Chapter 1 Science and the Scientific Approach. Science and Common Sense Science and common sense differ sharply in five ways. These disagreements revolve.
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Science and Common Sense Science and common sense differ sharply in five ways. These disagreements revolve around the words systematic and controlled. 1.the use of conceptual schemes and theoretical structures are different. Serious v.s. loose fashion. 2.Scientists systematically and empirically test their theories and hypotheses. Selection tendency 3.Notion of control. Systematically rule out variables that are possible “cause” of the effects under study other than the variables hypothesized to be the “causes.” 4.The scientist is constantly preoccupied with relationships among phenomena. 5.The scientist rules out “metaphysical explanations”
Four Methods of knowing 1.method of tenacity 2.method of authority 3.a priori method/method of intuition 4.method of science: self-correction, objectivity
Science and Its Functions What is science is not easy to answer Three popular stereotypes Two views of science Static view: a body of fact. A way of explaining phenomena. Dynamic view: an heuristic view. Stress problem-solving rather than facts and bodies of information.
Science and Its Functions Sampson’s two views of the science of social psychology. Traditional (Quantitative) v.s. Sociohistorical (Qualitative): Primary goal, Philosophical position, Metaphoric statement, Methodological considerations
The aims of Science, Scientific Explanation, and Theory A theory is a set of interrelated constructs (concepts), definitions, and propositions that present a systematic view of phenomena by specifying relations among variables, with the purpose of explaining and predicting the phenomena. Scientists do not really have to be concerned with explanation and understanding. Only prediction and control are necessary.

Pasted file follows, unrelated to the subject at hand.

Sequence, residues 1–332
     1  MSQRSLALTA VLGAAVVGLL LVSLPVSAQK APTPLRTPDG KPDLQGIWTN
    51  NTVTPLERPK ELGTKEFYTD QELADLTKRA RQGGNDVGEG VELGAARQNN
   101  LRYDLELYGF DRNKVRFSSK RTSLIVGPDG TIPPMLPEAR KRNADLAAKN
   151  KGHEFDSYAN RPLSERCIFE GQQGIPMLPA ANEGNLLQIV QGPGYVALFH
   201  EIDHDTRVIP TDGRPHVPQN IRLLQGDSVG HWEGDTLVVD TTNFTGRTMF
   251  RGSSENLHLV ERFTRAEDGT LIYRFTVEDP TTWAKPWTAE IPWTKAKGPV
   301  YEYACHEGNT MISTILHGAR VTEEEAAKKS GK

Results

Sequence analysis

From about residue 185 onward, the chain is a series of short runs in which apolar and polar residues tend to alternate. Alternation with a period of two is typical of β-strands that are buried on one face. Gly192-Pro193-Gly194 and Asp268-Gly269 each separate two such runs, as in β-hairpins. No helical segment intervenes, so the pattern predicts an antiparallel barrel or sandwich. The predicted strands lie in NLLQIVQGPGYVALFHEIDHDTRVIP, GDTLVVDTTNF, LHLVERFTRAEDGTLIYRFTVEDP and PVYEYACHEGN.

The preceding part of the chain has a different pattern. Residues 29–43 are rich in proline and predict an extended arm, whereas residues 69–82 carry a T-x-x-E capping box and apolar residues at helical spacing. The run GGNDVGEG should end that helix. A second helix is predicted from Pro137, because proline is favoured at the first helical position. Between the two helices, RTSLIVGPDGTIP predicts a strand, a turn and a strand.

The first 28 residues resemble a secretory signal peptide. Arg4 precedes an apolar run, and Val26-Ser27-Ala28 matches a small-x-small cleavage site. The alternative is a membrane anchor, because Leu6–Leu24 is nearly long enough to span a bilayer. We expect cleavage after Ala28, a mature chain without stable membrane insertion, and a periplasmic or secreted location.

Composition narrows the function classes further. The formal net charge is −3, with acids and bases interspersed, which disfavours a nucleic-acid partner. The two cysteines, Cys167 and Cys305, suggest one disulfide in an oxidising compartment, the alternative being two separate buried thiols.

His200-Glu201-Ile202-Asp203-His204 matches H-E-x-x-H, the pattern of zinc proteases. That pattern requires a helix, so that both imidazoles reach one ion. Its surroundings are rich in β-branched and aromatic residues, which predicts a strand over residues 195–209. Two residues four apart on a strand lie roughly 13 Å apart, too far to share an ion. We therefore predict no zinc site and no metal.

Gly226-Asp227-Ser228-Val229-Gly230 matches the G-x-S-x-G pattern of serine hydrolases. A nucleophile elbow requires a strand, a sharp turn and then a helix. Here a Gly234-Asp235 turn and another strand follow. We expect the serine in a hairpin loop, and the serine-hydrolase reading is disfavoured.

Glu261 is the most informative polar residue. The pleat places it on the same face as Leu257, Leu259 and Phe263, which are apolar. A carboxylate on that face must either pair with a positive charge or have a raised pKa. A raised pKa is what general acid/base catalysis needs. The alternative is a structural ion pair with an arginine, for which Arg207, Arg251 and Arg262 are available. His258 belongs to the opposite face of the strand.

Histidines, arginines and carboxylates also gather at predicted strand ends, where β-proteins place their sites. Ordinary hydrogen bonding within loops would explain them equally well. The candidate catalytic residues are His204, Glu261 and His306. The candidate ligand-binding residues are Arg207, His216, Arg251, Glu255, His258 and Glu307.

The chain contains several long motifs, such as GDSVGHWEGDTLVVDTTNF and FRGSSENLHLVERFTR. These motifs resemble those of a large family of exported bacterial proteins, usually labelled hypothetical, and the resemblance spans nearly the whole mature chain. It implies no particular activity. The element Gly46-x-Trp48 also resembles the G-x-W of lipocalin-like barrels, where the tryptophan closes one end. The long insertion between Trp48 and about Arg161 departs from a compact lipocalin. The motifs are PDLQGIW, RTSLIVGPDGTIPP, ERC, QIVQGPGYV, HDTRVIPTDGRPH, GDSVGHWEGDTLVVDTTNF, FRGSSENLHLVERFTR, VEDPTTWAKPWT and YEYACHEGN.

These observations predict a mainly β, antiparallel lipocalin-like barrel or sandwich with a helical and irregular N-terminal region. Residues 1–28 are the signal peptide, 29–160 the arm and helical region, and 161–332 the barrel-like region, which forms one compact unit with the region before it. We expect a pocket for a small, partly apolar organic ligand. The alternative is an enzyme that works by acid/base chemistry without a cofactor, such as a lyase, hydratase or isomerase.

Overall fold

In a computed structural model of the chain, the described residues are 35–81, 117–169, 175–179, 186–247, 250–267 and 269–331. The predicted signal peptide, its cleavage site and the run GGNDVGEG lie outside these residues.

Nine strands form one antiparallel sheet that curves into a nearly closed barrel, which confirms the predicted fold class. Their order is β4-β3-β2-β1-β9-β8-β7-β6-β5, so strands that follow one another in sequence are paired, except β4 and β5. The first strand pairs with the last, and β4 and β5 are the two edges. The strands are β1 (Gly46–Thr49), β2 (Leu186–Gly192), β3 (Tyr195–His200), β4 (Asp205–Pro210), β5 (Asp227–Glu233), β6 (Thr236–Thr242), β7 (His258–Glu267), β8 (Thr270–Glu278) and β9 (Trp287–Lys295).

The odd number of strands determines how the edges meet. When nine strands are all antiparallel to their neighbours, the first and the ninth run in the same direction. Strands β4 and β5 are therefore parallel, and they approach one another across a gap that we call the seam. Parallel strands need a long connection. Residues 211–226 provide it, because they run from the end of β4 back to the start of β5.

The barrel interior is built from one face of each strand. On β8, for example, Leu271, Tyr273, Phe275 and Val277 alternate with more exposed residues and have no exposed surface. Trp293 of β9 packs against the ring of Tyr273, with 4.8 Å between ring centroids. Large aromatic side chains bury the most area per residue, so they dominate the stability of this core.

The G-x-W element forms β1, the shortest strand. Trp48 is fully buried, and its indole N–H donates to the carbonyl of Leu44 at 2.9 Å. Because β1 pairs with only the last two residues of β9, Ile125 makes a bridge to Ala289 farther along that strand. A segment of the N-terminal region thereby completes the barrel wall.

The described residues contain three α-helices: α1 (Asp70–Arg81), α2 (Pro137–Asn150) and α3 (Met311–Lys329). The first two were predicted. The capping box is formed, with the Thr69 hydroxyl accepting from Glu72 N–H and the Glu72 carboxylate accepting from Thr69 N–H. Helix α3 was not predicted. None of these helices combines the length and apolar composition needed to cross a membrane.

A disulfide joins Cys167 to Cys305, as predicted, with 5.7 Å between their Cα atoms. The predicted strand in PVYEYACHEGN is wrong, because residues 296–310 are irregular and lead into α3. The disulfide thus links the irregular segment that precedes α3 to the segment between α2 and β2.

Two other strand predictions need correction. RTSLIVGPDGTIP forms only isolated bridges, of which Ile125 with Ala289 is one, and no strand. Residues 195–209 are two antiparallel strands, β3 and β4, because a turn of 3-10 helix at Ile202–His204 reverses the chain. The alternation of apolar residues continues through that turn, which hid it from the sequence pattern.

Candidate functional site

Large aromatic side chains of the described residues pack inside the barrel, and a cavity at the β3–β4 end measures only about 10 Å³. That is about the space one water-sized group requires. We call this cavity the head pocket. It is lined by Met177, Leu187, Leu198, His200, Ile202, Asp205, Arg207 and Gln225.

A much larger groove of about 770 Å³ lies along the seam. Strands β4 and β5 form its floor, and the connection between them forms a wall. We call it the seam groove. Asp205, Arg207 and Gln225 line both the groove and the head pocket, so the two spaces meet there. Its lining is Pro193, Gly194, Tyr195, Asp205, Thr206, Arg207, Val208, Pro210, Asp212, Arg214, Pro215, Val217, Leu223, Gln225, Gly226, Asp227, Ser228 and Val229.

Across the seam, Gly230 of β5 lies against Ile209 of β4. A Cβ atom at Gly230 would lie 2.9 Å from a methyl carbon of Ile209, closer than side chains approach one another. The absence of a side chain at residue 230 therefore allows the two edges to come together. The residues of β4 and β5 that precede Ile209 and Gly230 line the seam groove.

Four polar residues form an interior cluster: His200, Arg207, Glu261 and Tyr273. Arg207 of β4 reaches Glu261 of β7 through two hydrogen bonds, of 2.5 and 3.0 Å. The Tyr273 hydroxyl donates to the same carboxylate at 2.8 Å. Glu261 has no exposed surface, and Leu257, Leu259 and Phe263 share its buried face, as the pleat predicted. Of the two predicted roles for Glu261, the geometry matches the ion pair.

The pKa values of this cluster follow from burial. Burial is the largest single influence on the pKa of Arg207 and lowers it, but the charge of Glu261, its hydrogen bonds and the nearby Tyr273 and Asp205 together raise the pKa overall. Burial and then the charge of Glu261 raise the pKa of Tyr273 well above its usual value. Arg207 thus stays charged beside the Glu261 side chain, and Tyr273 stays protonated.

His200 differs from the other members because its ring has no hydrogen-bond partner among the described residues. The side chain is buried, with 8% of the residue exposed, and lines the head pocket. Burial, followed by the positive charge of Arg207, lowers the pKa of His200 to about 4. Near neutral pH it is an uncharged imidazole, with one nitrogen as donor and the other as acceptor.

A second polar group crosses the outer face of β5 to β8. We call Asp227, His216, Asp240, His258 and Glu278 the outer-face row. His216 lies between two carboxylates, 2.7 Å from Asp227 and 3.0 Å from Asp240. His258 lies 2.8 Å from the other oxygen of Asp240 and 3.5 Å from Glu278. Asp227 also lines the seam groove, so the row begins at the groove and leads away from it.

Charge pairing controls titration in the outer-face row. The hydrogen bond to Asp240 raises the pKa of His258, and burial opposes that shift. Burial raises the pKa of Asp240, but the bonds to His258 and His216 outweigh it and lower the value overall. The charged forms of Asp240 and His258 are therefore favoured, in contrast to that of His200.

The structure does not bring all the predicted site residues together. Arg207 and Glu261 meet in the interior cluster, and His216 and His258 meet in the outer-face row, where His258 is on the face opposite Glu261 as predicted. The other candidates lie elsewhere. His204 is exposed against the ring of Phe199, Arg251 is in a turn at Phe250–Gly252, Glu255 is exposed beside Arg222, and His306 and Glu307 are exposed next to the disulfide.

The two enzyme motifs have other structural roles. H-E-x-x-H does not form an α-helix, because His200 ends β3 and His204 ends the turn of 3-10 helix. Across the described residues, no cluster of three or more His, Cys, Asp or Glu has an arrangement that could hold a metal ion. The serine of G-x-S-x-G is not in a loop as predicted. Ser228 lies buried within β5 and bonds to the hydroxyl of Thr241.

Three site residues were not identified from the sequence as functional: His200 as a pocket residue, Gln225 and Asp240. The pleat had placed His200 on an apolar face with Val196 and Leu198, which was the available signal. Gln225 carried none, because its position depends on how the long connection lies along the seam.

The aims of Science, Scientific Explanation, and Theory The prediction view of science has validity. The notion of generality is important. Be applied to wider situation. Theories are tentative explanations. Guiding research plan by generating testable hypotheses and organizing facts obtained from the testing of these hypotheses. A good theory is one that cannot fit all observations.
Scientific Research: A Definition Scientific research is systematic, controlled, empirical, amoral, public, and critical investigation of natural phenomena. It is guided by theory and hypotheses about the presumed relations among such phenomena. 1.”systematic and controlled” means much confidence in research outcomes. 2.scientific investigation is empirical. If the scientist believes something is so, that belief must somehow or other be put to an outside independent test. 3.knowledge obtained scientifically is not subject to moral evaluation.
The Scientific Approach Dewey (1933/1991): “How We Think”. A special systematized form of all-reflective thinking and inquiry. Problem-Obstacle-Idea: vague and/or unscientific thoughts or unsystematic hunches Hypothesis: a conjectural statement, a tentative proposition about the relation between two or more phenomena or variables. Reasoning-Deduction: the process of moving from a broader picture to a more specific one. Observation-Test-Experiment: the essence of testing a hypothesis is to test the relation expressed by the hypothesis.